Writing a nursing diagnosis for asthma essay is no easy feat. Nursing students are required to do thorough research about asthma such as its symptoms, signs, causes, how to perform a nursing assessment on asthma and how to treat it. Additionally, the student is required to have good academic writing skills so as to write a successful nursing diagnosis for asthma essay.
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What is a Nursing Diagnosis?
A nursing diagnosis may be part of the nursing process, and it involves a clinical judgment about an individual, family, or community experience to potential health problems. Prior to performing a nursing diagnosis for asthma, you have to first make an assessment of the patient.
What is Asthma?
Asthma refers to a condition in which your airways narrow and swell and may produce extra mucus. This contraction and swelling may cause breathing difficulties and trigger coughing which is usually accompanied by whizzing when you breathe out and shortness of breath.
Symptoms of Asthma.
Although symptoms of asthma may vary from person to person, there are some symptoms that occur due to asthma attacks. These signs and symptoms mostly occur during these activities:
- Exercise-induced asthma.
- Occupational asthma.
- Allergy-induced asthma.
These prevalent symptoms include:
- Blockage of airways. – Normally, bands of muscles in your airways are relaxed. A patient with asthma has tighter airways which may cause difficulty breathing and shortness of breath.
- – Asthma causes swelling in your bronchial tubes which causes inflammation in your airways.
- Irritation in your airways. – People with asthma have narrow airways because of swelling and contraction of bands of muscles in the airways. This may cause irritation when the muscles come into contact even with slight triggers.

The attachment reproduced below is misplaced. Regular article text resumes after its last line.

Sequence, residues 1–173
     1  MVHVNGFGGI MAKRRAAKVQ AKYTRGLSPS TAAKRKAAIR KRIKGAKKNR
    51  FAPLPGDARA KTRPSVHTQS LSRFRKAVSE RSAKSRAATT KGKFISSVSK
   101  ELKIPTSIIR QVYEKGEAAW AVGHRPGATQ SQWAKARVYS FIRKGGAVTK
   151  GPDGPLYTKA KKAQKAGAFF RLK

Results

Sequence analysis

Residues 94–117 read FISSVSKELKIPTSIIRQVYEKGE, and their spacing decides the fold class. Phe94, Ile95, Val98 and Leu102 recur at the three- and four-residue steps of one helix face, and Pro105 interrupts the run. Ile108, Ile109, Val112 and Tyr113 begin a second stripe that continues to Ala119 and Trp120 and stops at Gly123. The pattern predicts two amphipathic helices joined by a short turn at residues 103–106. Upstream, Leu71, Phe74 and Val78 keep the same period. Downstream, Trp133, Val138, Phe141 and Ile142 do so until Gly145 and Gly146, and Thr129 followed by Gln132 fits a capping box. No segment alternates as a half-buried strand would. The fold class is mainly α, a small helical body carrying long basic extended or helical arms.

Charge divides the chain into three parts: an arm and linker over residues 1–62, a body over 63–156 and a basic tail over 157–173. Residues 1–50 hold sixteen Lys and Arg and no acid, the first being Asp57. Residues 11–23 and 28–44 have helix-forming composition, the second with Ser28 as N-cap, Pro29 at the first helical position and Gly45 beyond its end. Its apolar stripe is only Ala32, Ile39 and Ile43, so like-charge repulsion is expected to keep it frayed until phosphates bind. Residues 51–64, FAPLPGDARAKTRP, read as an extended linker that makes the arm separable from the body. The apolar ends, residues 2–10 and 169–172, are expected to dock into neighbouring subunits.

- In children, wheezing is a common sign of asthma.
- Coughing or wheezing attacks.
Causes of Asthma.
Although the main cause of asthma in some people more than others is not clear, it is probably due to a combination of environmental and genetic factors.
Some of the triggers of asthma include:
- Airborne allergens such as pollen and dust.
- Respiratory infections.
- Physical activity.
- Cold air.
- Air pollutants.
- Certain medications such as aspirin can trigger asthma attacks in some people.
- Strong emotions and stress.
Risk Factors of Asthma.
Risk factors of asthma refer to factors that increase your chance of developing asthma. Some of the risk factors of asthma include:
- Being related to a person with asthma.
- Infections like cold or flu.
- Air pollution.
- Having another allergic condition.
- Overweight and obesity.
- Smoking and exposure to second-hand smoke.
- Exposure to occupational triggers such as farming chemicals and smoke particles.
Performing a nursing diagnosis for asthma.
When you feel like you have asthma, you should immediately see your doctor. This is because asthma can become a life-threatening disease if it is not controlled properly.
The nurse starts by performing a physical examination. This may include asking questions about your medical history and your symptoms. Afterward, you will have to do tests to see how your lungs are working. Some of these tests include:
- Spirometry is a simple breathing test to measure how much air you blow out and how fast.
- Peak flow is a test that measures how well your lungs blow our air. This test is used to know when the medication is working or whether you need any other medical intervention.
- Methacholine challenge.
- Exhaled nitric oxide test.
Problems Associated with Asthma.
When asthma is not properly controlled, it can cause adverse complications such as:
- Lack of exercise causes weight gain.
- Missing work or taking time from school.
- Mental issues such as depression, anxiety, and stress.
- Loss of pregnancy or early pregnancy.
- Respiratory failure.
- Lung collapse or permanent damage to bronchial tubes in your lungs.
“Treatment” of Asthma.
Asthma has no treatment; however, it is possible to control asthma. The following are some preventive measures against asthma:
- Stay away from your triggers.
- Follow your doctor’s instructions and take medications properly.
- Keep track of your condition and learn signs that it might be getting worse.